Is the DoD the gold standard for the federal government in cybersecurity? I took this question to several government agencies with the hopes to speak to cyber SMEs to get a definitive answer. Initially, I was just looking for a yes or no. What I found was both scary and hopeful, so please embark on this interview quest with me as we speak to two industry leaders to try and get to the bottom of this question.

Public Affairs offices within the DoD

Approaching several Public Affairs offices within the DoD related to cyber programs, I got a mix of answers. Some more promising than others…and some, well, frightening. One DoD agency in particular, initially was excited for the opportunity to answer the question that will be shared with the public, however, in the end, turned down the opportunity to answer the question saying, “We are unable to address conflicts or potential differences in policy between USG authorities. We are not positioned to provide comment on behalf of the entirety of DOD/OSD- as indicated by your topic of discussion.” As I am sure you can imagine, this answer had me scratching my head. If you don’t know this, there are only seven federal cyber centers in the USG. In order to make the cut of the seven, a Federal Cyber Center is defined the by National Security Presidential Directive 54/Homeland Security Presidential Directive 23,[1].  If one of the seven doesn’t feel qualified to answer that question…. Who is?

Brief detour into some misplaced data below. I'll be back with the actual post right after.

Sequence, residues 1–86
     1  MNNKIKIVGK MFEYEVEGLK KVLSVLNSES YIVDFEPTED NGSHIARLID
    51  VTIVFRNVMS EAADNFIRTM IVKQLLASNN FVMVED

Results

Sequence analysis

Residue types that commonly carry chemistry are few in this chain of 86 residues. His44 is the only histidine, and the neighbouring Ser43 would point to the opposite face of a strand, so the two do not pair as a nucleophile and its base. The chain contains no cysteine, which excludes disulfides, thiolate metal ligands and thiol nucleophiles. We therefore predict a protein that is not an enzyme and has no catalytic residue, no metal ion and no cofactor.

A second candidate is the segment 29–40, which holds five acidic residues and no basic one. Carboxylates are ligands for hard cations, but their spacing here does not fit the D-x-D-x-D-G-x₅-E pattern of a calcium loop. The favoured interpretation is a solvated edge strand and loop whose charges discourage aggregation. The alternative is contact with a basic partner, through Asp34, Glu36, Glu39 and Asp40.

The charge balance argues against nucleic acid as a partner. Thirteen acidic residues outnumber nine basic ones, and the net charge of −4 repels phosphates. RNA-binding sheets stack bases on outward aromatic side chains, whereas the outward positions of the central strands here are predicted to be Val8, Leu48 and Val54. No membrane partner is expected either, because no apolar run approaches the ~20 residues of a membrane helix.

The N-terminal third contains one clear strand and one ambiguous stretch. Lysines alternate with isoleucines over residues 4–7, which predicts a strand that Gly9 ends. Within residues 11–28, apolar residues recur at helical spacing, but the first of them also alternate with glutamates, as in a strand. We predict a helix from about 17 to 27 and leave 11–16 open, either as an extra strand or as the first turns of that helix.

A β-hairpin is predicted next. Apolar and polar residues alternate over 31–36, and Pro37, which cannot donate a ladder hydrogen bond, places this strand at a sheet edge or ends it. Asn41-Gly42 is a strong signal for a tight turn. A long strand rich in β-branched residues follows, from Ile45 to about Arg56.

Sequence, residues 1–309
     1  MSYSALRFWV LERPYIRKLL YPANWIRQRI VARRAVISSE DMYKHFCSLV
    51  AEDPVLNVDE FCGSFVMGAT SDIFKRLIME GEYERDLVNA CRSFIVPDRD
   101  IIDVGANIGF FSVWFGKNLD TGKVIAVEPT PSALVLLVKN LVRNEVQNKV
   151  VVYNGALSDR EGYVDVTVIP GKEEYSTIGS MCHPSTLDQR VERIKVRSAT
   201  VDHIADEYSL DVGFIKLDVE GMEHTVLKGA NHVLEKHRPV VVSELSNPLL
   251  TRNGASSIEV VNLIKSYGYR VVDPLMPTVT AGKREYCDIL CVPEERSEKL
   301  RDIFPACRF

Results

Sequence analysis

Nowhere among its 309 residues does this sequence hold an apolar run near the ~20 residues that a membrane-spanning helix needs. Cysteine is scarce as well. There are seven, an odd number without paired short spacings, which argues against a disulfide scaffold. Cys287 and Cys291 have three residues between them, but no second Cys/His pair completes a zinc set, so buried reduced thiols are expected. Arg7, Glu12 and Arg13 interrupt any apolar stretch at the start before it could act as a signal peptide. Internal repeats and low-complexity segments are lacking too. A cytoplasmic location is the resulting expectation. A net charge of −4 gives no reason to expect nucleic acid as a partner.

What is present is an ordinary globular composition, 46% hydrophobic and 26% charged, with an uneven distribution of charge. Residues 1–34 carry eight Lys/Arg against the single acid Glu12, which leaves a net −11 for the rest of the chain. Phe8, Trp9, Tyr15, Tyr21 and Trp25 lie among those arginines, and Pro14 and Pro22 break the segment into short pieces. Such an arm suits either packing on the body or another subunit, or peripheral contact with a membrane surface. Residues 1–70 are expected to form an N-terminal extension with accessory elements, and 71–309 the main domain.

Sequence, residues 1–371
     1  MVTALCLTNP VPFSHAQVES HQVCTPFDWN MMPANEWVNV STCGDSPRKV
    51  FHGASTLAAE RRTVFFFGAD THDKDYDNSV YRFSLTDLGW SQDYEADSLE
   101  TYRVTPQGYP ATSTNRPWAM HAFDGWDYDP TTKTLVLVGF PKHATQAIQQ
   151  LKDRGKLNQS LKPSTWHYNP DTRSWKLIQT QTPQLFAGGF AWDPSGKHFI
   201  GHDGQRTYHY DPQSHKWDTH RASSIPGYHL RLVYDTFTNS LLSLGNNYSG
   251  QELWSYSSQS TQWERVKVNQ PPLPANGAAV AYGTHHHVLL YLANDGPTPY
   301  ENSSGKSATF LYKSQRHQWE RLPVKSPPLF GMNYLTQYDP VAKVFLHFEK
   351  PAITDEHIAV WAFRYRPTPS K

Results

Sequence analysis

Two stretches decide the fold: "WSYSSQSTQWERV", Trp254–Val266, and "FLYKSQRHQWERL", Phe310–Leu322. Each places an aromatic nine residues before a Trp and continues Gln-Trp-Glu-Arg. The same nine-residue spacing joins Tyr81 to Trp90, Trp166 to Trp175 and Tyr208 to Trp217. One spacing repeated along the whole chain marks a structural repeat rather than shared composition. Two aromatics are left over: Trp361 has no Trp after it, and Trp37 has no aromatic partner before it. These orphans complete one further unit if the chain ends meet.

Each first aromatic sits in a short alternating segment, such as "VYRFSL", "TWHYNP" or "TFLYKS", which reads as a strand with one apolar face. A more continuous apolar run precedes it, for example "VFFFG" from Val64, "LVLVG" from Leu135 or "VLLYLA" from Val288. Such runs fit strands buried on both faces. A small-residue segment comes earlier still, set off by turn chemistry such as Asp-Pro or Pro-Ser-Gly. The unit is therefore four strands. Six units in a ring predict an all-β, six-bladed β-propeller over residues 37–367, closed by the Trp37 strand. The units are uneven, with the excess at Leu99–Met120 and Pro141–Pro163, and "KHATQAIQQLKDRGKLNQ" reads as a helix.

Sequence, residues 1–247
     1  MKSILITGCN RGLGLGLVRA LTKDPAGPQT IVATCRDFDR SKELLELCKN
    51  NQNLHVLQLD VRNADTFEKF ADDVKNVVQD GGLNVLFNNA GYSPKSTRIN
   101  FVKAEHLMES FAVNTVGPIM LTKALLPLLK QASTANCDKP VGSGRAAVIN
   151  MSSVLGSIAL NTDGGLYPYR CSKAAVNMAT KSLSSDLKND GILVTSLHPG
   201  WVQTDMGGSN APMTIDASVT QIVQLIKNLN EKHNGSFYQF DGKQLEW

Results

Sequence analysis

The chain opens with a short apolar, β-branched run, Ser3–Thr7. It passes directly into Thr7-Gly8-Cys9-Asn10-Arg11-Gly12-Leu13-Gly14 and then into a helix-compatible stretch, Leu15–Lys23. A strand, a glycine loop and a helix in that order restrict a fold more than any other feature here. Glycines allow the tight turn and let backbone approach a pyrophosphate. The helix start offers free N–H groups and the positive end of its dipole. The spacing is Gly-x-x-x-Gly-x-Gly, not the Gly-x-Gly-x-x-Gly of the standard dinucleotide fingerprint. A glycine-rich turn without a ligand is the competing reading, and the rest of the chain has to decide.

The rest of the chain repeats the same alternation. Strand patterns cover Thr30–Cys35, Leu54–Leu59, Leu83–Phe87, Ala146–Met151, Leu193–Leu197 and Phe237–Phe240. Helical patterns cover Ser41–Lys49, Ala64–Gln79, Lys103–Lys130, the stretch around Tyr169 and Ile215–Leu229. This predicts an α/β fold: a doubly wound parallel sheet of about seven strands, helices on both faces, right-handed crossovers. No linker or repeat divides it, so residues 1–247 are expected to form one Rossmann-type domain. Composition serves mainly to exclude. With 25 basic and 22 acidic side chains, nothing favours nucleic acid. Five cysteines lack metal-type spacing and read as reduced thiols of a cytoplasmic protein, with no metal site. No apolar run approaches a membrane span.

Input from DoD Industry Leader